A short animated segment for the fan collaboration remaking the famous “Half-Life VR but the AI is self aware” let’s play on YouTube and Twitch. In a previous post I’ve made I’ve been detailing the creative process going behind making this short segment.
If you’re a Half-Life fan who’s been in the loop for the past five months or so, you are probably well aware of the comedy let’s-play “Half-Life VR but the AI is Self-Aware”, sometimes shortened as HLVRAI. It’s a playthrough of Half-Life through the VR engine that HL: Alyx has provided just a few days earlier, cracked by the selfless devotion of modders, and it opened a range of possibilities for Twitch streamers, one of which was the wayneradiotv channel.
Wayneradio brought a unique twist this time however: They would play Half-Life as a multiplayer game and have several player regulars roleplay recurring characters, opening the door to various comedic personalities, deep emerging lore, memes, in-jokes and many, many bits that have quickly skyrocketed the series as some of the best let’s-plays to have ever graced Twitch or YouTube. The first episode as of this writing has broken 2.5 million views, and has amassed a cult following on social media, and now it’s impossible not to see references and gags to the series in the corners of Twitter and Discord that I go to. If you’ve ever been beset by lines such as “Look Gordon, ropes!”, you have this series to blame.
I like it because it’s a refreshing inversion of the previous “Freeman’s Mind” types of series, whereupon you only had a single character with human agency to rely on(Gordon) and who was, in my view, deeply unrelatable. Ross Scott’s depiction of Gordon is something of an acquired taste because he’s the weird guy in a normal world. But in this one, where Gordon is acted by the channel host Wayne, Gordon is struggling to be the only reasonable and empathetic person within circumstances and cliques dominated by complete lunatics. Watching HLVRAI it can sometimes be frustrating and even horrific with the number of slights all the secondary characters make to Gordon(such as killing innocent NPCs, playing mind games with him, preventing him from going to certain places or giving him certain items) but in every single moment you’re meant to empathise with Gordon, and somehow slowly get to learn about the underlying humanity of his immediate compaions, the scientists Coomer, Bubby, and Tommy. It’s a fun series that creeps unto you and I deeply recommend it to Half-Life fans who like to binge on fan content such as Concerned, Gmod videos or the Freeman’s Mind and related series. It’s another showcase of the vitality and passion that still reigns in the Half-Life fandom.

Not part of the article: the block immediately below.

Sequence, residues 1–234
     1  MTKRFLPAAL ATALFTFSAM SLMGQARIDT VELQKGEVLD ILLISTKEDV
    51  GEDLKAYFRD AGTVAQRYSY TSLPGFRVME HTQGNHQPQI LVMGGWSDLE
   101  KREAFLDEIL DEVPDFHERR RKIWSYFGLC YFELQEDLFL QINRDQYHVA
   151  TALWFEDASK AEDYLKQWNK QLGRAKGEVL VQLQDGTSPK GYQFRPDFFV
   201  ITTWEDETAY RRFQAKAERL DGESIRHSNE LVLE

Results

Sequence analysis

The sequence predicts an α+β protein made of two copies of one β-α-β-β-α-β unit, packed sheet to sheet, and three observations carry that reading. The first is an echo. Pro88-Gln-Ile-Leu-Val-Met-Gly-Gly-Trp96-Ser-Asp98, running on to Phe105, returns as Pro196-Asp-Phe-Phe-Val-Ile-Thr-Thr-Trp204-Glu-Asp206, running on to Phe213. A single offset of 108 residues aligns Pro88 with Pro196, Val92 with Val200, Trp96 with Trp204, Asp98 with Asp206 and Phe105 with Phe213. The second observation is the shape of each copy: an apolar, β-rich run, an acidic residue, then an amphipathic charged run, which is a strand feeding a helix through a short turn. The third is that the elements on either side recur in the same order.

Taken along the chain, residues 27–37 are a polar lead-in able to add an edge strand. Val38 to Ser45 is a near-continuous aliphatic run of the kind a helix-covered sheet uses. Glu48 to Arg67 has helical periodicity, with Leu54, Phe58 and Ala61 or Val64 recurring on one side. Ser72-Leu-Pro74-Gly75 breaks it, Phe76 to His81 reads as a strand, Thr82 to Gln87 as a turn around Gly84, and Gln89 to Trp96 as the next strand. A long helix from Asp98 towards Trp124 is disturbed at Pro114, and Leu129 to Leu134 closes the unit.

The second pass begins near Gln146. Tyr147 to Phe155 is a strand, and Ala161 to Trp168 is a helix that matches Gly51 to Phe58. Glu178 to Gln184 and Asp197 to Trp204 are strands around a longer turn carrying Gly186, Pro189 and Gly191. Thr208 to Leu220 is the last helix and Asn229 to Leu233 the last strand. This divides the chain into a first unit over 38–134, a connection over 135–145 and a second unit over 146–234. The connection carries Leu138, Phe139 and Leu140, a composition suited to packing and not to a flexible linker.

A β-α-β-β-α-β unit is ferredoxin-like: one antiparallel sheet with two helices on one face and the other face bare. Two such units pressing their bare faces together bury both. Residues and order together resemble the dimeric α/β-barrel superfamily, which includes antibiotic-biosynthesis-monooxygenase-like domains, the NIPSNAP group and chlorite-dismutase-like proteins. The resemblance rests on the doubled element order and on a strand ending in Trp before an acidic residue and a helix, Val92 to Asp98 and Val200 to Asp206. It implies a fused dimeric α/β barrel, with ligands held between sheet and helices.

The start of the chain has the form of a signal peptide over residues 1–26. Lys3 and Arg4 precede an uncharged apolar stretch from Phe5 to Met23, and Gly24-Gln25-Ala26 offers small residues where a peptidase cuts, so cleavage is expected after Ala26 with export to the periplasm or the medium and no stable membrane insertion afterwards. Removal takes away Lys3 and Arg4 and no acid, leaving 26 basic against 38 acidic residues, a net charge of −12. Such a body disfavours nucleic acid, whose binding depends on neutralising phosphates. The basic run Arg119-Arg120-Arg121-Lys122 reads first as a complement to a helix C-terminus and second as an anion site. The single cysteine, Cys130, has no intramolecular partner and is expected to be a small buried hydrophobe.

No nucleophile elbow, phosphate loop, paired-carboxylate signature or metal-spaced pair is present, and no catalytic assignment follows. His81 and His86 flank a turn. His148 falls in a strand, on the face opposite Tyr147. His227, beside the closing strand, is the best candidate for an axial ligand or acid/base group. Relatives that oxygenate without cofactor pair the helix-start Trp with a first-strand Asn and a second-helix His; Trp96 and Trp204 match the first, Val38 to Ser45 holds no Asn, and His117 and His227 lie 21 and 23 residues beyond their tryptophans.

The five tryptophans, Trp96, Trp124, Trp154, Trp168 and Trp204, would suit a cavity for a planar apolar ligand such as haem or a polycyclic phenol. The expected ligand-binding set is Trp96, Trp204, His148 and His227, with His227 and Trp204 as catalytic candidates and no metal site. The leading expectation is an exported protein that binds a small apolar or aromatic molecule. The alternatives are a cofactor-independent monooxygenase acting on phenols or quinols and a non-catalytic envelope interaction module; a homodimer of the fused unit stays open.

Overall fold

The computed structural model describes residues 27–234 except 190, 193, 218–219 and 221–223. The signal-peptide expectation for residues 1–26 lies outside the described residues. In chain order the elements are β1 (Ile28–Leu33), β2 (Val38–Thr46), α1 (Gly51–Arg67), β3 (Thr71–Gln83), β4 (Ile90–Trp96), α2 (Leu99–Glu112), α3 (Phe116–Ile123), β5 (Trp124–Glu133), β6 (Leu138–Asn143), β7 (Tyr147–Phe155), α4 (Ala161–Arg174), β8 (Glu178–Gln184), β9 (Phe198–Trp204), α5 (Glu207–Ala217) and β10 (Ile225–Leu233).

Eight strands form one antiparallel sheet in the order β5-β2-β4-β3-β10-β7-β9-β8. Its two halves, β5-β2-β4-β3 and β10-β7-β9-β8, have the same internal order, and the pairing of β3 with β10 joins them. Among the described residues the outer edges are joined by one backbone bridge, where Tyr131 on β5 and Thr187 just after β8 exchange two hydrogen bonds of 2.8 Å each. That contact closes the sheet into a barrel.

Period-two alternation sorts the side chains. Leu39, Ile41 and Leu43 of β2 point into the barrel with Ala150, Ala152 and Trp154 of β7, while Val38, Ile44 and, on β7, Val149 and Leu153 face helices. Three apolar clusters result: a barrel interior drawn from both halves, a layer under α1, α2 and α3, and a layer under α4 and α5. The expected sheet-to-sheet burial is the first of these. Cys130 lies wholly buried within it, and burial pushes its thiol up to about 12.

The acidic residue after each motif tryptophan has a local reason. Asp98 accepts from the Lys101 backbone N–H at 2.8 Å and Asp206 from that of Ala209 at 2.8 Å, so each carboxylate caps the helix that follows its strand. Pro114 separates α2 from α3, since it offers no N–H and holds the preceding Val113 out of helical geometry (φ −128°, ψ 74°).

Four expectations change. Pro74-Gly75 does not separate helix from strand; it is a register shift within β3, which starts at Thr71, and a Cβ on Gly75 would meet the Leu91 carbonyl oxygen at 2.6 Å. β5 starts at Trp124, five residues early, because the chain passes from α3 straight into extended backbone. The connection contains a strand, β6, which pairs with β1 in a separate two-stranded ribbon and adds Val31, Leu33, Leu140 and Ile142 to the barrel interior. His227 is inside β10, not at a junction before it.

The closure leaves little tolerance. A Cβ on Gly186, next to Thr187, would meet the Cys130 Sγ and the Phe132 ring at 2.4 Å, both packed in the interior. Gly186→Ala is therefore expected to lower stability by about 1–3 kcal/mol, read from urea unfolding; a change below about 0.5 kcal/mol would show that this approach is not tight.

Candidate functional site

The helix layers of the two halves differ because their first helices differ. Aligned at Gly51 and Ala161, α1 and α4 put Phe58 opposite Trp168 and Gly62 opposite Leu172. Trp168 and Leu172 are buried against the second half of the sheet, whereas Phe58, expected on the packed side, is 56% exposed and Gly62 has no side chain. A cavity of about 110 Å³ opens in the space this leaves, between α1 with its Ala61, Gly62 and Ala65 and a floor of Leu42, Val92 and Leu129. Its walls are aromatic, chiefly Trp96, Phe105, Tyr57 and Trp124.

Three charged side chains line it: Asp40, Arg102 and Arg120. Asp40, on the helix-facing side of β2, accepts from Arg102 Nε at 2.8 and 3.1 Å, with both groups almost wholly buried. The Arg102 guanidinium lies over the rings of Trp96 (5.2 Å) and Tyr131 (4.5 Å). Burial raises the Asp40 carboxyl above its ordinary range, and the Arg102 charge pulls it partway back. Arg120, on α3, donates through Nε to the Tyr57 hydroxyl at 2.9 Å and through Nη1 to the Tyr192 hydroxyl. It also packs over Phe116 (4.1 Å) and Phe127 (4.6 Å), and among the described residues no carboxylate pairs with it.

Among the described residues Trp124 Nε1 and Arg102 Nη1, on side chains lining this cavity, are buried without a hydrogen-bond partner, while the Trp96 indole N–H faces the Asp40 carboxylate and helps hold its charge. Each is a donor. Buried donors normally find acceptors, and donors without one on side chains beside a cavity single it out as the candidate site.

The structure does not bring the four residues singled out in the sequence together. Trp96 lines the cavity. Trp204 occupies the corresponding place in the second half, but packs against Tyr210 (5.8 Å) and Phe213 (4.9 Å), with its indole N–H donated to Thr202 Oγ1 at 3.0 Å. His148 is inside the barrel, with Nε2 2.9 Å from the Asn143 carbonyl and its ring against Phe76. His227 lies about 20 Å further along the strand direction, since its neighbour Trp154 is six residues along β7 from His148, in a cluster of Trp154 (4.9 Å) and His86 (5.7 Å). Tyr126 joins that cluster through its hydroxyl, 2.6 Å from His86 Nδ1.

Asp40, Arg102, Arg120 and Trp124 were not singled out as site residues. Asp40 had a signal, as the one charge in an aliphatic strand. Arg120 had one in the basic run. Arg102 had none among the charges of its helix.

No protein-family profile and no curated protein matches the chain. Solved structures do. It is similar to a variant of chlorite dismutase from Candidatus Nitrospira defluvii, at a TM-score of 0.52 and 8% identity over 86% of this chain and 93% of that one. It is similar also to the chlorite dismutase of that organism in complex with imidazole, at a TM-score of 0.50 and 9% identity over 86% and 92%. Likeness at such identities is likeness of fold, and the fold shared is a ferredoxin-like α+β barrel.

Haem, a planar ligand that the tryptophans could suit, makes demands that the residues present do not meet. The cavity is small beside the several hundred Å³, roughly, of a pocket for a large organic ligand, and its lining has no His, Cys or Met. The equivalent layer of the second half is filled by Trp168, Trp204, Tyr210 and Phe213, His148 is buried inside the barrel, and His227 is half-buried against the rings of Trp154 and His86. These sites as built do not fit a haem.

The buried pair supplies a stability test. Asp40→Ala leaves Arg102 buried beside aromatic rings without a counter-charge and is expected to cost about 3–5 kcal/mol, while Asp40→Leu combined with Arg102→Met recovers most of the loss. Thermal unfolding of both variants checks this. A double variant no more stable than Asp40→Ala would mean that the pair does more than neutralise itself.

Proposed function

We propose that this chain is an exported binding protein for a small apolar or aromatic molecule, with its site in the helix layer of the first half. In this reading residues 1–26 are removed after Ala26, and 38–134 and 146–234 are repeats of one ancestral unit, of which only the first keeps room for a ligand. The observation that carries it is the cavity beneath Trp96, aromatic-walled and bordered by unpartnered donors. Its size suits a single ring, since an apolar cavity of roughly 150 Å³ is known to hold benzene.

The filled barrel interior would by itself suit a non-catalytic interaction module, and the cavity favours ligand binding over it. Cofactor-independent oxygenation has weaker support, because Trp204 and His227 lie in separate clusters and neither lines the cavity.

So normally, when it became such a success of internet comedy with its rapid-fire randomness, it’s par for the course for fans to decide to make a collaborative animated adaptation, a long-time tradition that has brought us wonderful showcases of Internet creativity such as the Dover Boys reanimated and the Moon Animate Make-Up. I’ve always been envious of the animators being able to express their styles and be themselves in these collabs and I always wanted to have a try at animating myself. So when I saw an invitation to make a collaboration of HLVRAI, I had to jump at this chance.
I was pleased that Krita had an animation toolkit, and making cartoon animation on it the first time, I’m really happy with the results. I think it turned out well cos I have a pretty basic understanding of how the principles of cartoon animation, such as squashing and streching, anticipation and so on, and on the basic workflow of professional animation studios. You always lay a an animatic of your storyboard sequences, which you model into keyframes, into tweens, then give them outlines and lastly give it colour and finishing touches in After Effects. The results are below and for me it’s one of my best accomplishments of this year, although it could be a lot better, and it emboldens me to try out more animation in the future. The section I animated in the above video begins at 15:20.
The phases I split the workflow is as:
1. Sketching keyframes
2. Colouring backgrounds
3. Keyframe outlines
4. Tween outlines
5. Keyframe colours
6. Tween colours
Add some finishing touches and you’ve got a hit!
— Nik Gothic (@Clownboss) May 28, 2020
In this article I’m putting a YouTube playlist of report coverages, ads, and promotional videos for Belgrade’s Metropolitan University, during my internship as a video production assistant from 2013 to 2018. My duties usually revolved around editing in post-production and providing visual effects and animation, but often times I handled the camera, microphone, lighting duties, and designing and planning. Credits and duties on every one of these videos is a story for itself.
Video playlist is ordered chronologically from oldest to newest assignments:
A game analysis video I made for Phoenix, a 1980 arcade game published by Centuri.
This reel shows plenty of projects and assignments from my tenure at Metropolitan University. It includes clips from short films, advertisements, animations, and effects demonstrations.